COVID-19 – a game-changer
An obvious tipping point for technology has been COVID-19. It has led to a significant uptake of digital technology adoption, with intensified interest from C-suites. O’Shea explains that before COVID-19 innovation was a key topic of technology discussions with executives. But that there are differences between the ‘before and after’ of the pandemic.
First, he believes COVID-19 is something of a tipping point for business, with lowered hierarchies and greater resonance between viewpoints. There’s “a greater sense of empathy for remote workers… [it has] created great awareness of the employee experience in business, especially for people who are remote,” he explains. “Many people went through this experience at the same time so it was a great equaliser.”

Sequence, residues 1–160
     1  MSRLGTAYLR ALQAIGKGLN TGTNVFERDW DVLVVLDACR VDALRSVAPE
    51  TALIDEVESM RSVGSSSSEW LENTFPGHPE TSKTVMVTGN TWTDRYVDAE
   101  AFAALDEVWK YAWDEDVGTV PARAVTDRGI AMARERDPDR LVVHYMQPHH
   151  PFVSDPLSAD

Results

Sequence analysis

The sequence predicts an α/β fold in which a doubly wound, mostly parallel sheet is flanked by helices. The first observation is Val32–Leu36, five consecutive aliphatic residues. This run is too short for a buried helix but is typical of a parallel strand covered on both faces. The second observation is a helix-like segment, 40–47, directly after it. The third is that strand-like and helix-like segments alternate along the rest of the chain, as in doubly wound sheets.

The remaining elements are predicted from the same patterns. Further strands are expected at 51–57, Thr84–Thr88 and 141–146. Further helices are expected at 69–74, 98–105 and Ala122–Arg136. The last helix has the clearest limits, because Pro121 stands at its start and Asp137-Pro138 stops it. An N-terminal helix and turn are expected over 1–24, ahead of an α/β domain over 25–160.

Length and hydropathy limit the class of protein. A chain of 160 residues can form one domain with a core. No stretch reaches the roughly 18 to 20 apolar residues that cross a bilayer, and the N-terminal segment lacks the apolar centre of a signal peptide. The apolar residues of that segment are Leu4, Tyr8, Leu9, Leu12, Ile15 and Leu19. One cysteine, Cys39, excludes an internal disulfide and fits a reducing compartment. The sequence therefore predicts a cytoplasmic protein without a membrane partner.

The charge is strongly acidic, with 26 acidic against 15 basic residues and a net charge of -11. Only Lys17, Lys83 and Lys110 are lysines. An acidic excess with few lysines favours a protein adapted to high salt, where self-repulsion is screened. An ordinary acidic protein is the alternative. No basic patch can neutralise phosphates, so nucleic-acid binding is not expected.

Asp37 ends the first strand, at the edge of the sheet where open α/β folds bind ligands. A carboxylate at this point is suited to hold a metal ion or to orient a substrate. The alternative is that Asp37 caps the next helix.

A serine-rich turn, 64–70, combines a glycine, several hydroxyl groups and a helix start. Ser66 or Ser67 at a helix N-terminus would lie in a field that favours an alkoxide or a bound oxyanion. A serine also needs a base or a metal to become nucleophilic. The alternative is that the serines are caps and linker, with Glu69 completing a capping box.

“One of the positive aspects of COVID 19 was that everybody was suddenly on the same level. Everybody was dealing with the same issues, sharing domestic internet with the TikTok and Fortnite generation, back-to-back meetings and video-fatigue.” Second, O’Shea stresses there “is a sense of urgency to modernise and enable people to have the same experience at home as in the office.”
Third has been the realisation that “modern endpoint management is the key to productivity”. “Some companies were caught with legacy technology. Their employees were unable to be productive at home. In many cases, this was due to challenges of provisioning new devices or VPN congestion, passwords expiring or devices not being patched. Companies who had embraced modern device management, cloud data, password-less authentication and zero-touch provisioning were in a different place.”
Overcoming the technology conversation challenges